BDNF is a negative modulator of morphine action

Ja Wook Koo, Michelle S. Mazei-Robison, Dipesh Chaudhury, Barbara Juarez, Quincey LaPlant, Deveroux Ferguson, Jian Feng, Haosheng Sun, Kimberly N. Scobie, Diane Damez-Werno, Marshall Crumiller, Yoshinori N. Ohnishi, Yoko H. Ohnishi, Ezekiell Mouzon, David M. Dietz, Mary Kay Lobo, Rachael L. Neve, Scott J. Russo, Ming Hu Han, Eric J. Nestler

Research output: Contribution to journalArticlepeer-review

155 Scopus citations


Brain-derived neurotrophic factor (BDNF) is a key positive regulator of neural plasticity, promoting, for example, the actions of stimulant drugs of abuse such as cocaine. We discovered a surprising opposite role for BDNF in countering responses to chronic morphine exposure. The suppression of BDNF in the ventral tegmental area (VTA) enhanced the ability of morphine to increase dopamine (DA) neuron excitability and promote reward. In contrast, optical stimulation of VTA DA terminals in nucleus accumbens (NAc) completely reversed the suppressive effect of BDNF on morphine reward. Furthermore, we identified numerous genes in the NAc, a major target region of VTA DA neurons, whose regulation by BDNF in the context of chronic morphine exposure mediated this counteractive function. These findings provide insight into the molecular basis of morphine-induced neuroadaptations in the brain's reward circuitry.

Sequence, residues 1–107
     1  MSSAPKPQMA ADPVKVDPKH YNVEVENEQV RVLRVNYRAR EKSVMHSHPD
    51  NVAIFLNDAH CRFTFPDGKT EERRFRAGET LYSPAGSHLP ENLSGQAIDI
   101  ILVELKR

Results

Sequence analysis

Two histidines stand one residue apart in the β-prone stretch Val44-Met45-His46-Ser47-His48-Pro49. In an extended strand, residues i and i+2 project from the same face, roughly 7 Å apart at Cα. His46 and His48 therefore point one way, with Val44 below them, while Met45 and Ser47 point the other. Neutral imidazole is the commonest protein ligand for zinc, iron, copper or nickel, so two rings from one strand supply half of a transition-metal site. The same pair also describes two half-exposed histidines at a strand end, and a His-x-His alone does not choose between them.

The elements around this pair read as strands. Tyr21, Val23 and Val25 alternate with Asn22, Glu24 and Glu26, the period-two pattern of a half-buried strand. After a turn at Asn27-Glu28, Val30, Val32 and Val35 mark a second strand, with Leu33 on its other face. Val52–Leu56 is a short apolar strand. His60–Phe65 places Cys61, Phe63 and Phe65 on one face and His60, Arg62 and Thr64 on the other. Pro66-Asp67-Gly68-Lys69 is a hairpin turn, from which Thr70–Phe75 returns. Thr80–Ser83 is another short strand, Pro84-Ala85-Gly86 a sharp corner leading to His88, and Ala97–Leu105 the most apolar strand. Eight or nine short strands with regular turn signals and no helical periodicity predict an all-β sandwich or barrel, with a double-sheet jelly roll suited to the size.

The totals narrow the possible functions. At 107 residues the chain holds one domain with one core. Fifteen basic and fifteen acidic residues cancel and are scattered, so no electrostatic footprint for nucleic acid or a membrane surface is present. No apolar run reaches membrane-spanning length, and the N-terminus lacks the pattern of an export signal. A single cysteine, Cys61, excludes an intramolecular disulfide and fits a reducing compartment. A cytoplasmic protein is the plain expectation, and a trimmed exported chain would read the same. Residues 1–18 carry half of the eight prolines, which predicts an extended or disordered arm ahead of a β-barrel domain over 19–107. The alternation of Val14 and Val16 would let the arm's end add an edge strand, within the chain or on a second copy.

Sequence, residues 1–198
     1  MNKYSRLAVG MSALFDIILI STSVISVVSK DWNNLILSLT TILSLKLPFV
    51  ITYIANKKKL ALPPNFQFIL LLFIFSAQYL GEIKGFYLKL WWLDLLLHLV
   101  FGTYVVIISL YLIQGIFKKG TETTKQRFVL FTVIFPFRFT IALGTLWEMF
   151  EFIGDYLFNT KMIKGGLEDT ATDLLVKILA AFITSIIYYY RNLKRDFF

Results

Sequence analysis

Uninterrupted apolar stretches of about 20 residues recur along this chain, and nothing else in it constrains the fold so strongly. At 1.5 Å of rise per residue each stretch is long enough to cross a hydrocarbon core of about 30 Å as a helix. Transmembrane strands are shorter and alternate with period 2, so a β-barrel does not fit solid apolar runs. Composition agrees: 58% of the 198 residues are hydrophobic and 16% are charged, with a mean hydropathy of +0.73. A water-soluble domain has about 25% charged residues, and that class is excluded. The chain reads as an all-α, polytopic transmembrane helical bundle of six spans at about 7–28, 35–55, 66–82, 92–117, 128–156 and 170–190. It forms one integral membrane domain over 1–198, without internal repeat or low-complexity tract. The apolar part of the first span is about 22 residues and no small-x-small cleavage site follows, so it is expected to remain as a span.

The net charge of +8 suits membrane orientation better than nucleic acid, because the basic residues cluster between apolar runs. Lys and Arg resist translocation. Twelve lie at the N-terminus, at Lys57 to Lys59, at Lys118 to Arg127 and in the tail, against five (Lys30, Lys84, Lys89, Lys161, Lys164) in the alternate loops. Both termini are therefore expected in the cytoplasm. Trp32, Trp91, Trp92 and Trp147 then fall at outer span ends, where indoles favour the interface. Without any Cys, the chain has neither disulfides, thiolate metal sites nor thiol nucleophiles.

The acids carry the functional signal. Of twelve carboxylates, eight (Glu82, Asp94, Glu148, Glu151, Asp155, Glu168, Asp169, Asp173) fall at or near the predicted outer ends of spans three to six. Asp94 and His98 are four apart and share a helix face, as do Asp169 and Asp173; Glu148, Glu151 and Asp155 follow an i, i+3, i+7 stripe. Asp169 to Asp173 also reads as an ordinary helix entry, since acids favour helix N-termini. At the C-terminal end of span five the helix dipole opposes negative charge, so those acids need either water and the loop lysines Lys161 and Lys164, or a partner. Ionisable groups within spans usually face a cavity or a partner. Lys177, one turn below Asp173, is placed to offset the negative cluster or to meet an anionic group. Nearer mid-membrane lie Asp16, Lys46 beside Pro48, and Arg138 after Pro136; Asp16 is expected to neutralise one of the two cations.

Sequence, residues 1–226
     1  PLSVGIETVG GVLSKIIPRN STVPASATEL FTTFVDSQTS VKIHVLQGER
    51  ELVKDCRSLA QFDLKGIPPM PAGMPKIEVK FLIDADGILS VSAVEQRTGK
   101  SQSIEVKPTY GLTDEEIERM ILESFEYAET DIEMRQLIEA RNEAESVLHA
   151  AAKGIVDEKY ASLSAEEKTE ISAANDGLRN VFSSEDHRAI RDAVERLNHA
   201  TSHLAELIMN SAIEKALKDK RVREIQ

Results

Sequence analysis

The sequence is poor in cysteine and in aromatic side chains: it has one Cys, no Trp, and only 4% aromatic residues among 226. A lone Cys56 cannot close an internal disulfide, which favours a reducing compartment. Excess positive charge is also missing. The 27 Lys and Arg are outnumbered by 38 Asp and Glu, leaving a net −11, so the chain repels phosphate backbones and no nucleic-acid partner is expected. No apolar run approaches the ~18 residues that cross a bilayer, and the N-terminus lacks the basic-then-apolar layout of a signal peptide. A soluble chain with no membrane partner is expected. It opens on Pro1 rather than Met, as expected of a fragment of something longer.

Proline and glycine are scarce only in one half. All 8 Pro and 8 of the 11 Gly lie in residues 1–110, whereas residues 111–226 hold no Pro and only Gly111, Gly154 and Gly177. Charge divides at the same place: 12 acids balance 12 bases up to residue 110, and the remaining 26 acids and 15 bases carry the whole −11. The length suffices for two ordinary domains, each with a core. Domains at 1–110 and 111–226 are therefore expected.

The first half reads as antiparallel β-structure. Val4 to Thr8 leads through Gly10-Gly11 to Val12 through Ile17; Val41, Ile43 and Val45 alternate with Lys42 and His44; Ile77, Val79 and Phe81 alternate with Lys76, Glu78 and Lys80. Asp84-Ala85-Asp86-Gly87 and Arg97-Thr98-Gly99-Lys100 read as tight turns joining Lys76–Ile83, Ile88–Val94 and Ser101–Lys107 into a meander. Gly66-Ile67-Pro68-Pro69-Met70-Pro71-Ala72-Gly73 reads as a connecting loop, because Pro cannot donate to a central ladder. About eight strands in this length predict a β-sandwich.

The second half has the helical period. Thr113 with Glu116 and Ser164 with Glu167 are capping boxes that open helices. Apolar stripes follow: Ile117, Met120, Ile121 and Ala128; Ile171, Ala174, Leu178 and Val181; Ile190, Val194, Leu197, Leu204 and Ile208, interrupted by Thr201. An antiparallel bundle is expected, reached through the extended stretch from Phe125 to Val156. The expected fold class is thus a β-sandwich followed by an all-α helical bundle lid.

Original languageEnglish
Pages (from-to)124-128
Number of pages5
Issue number6103
StatePublished - 5 Oct 2012


Dive into the research topics of 'BDNF is a negative modulator of morphine action'. Together they form a unique fingerprint.

Cite this